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ment 536,084. The Prussian Bible Society had distributed 13,000 Bibles and Testaments during the year, making a total of 1,076,467. In Smyrna and Constantinople 5,626 copies had been circulated. In British India the circulation of the Bible had been immense, as well as in New South Wales, the Pacific, New Zealand, Southern Africa, West India Colonies, Nova Scotia, New Brunswick, Canada, &c. The income for the year was 41,0451. Ils. 5d., being an increase on the preceding year of 1,3007. 179. The sums received from the sales of Bibles and Testaments amounted to 50,2011. 14s. 10d.; the total receipts from all sources were 95,0951. 4s. 8d., and the total expenditure 90,9681. 9s. 5d. The issues of the Society have been from the depository at home, 584,545, and from depots abroad, 231,006 ; together, 815,551. The total issue of Bibles and Testaments, since the establishment of the society, amounts to 14,038,934 copies. The Bishop of Chester, Lord Glenelg, Lord Sandon, Dr. Tring, and others spoke in advocacy of the society.

SOCIETY FOR PROMOTING
CHRISTIAN KNOWLEDGE.

May, 1842. At the General Meeting of this Society, held on Tuesday, the 3d of May, 1842, the following Members of the Society were appointed the Tract Committee for the year ensuing :--Rev. Dr. D'Oyly, Rev. "Dr. Dealtry, Rev. R. G. Baker, Rev. C. B. Dalton, Rev. J. Lonsdale, Rev. J. Endell Tyler, Rev. J. G. Ward.

The Secretaries laid before the Meeting the Auditors' annual account, together with the following comparative statement :TOTAL RECEIPTS.

8. d. 1841

95,017 16 1 1842

90,476 7 10

Decrease......

4,541 8 3
TOTAL EXPENDITURE.
1841

115,5331 6
1842

*94,342 3 2

1841
1842

Decrease... 21,190 18 4
BENEFACTIONS.

4,068 5 7
3,441 13 3

Decrease......

626 12 4 GRATUITOUS GRANTS, BOOKS. 1841

5,633 15 0 1842

4,141 14 11

Decrease...... 1,492 0 1 * This does not include the 10,0001. granted to the Colonial Bishops' Fund.

lowing proportions:-General purposes of the Society, including the Jerusalem Mission and Scripture Funds, 22,8411. 13s. 8d.; Hebrew Church at Jerusalem, 1,3131. 20s. 2d. ; Hospital at Jerusalem, 1891. 8s. 8d.; Jewish Converts' Relief Fund, Jerusalem, 517. ls.; Operative Institution, Jerusalem, 511.; School of Industry, Jerusalem, 55l. ; Temporal Fund, 1971. 15s. 3d. After defraying the expenses of the year, they had in hand 8,0001. vested in exchequer bills, and 1,7881. 19s. 2d. in the hands of the treasurer. On account of the Hebrew Church at Jerusalem they had 1,5431. Os. 10d. in the treasurer's hands; and on account of the different funds for temporal relief already enumerated, they had 5001. in exchequer bills, and 3647. Ils. in the hands of the treasurer, making a total balance of 8,5007. in exchequer bills, and 3,6961. lls. in the hands of the treasurer.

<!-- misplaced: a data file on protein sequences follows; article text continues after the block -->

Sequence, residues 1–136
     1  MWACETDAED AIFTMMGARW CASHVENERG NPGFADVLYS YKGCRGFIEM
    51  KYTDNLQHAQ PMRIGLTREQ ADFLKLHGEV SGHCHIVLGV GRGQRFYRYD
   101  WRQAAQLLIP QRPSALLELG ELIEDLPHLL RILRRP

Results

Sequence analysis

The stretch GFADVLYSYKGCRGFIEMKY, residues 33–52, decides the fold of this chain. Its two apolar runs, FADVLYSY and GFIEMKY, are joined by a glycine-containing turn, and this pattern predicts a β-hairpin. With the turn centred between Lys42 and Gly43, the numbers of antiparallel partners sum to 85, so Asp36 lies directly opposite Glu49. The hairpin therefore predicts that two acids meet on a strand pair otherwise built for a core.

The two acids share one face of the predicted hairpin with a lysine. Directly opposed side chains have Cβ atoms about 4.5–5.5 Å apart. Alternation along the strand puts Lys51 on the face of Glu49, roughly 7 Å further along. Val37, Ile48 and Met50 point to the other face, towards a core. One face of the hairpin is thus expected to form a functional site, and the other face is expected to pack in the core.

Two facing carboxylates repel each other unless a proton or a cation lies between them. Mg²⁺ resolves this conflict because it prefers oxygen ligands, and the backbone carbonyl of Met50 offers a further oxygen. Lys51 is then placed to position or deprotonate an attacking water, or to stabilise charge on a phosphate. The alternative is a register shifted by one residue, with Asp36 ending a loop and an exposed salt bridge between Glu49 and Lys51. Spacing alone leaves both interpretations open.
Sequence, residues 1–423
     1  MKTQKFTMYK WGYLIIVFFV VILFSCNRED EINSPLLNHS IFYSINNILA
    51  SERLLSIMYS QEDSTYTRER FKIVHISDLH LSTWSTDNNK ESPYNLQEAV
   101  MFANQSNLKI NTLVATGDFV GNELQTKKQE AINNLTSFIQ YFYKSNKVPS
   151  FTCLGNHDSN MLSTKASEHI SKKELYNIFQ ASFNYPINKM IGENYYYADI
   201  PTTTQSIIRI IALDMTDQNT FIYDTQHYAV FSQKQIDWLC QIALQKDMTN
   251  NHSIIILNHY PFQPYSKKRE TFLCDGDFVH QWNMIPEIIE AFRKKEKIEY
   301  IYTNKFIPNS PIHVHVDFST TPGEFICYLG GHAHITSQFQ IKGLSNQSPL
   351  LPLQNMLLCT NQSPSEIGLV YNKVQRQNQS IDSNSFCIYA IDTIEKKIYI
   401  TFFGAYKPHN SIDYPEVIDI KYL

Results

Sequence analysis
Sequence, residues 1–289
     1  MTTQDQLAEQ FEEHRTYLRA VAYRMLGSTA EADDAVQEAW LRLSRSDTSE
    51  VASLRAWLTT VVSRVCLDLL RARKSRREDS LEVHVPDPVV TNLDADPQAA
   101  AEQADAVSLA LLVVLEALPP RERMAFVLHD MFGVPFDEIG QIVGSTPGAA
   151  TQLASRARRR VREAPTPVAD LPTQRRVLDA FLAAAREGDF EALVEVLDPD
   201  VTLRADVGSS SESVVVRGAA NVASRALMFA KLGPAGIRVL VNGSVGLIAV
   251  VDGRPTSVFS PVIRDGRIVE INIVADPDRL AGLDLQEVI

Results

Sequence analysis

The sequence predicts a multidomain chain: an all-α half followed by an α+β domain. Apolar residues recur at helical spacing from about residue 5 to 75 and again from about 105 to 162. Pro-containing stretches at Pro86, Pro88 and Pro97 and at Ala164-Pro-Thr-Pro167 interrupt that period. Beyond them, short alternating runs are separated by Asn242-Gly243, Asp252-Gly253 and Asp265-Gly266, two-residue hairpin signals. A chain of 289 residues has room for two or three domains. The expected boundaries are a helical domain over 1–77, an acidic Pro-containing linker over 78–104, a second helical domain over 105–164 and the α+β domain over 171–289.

THE CHURCH PASTORAL AID

SOCIETY This Society held its annivery on Tuesday, the 10th of May, at Exeter Hall, Lord Ashley in the chair. The Report stated the need of more ministers, and the spiritual destitution still pervading; The result of the late census showed the population of England and Wales to be 16,000,000 being an increase of 2,000,000 in ten years. Supposing, on an average, 2,000 souls were assigned to one clergyman, 1,000 new churches and 1,000 additional ministers would be needed for these 2,000,000 only. The number of grants for which the society is responsible is 280, being 246 to ministers and 34 to lay assistants, at an annual charge of 21,8001. The incumbents so assisted provide from local sources 3,6071., making a total of 25,4071. The receipts have been i8,9001. ; 7651. less than the preceding year. The Bishop of Norwich, Rev. H. Raikes, Lord Harrowby, Bishop of Llandaff, Hon, and Rev. H. M. Villiers, Rev. H. Stowell, Rev. E. Tottenham, Rev. R. Burgess, and others addressed the meeting.

FOR

that the following had become supporters of the society :- the Archbishops of Canterbury and York, and the Bishops of London, Bath and Wells, Chichester, Lincoln, Peterborough, Sodor and Man, Hereford, Gloucester and Bristol, New Zealand, and the Cnited Church of England and Ireland in Jerusalem. The Report gave a lengthened and interesting detail of the proceedings of the past year, with the following financial statement :

Receipts....... £90,821 2 6
Expenditure.........

........ 110,808 16 1
Excess of Expenditure 19,987 137

PRAYER-BOOK AND HOMILY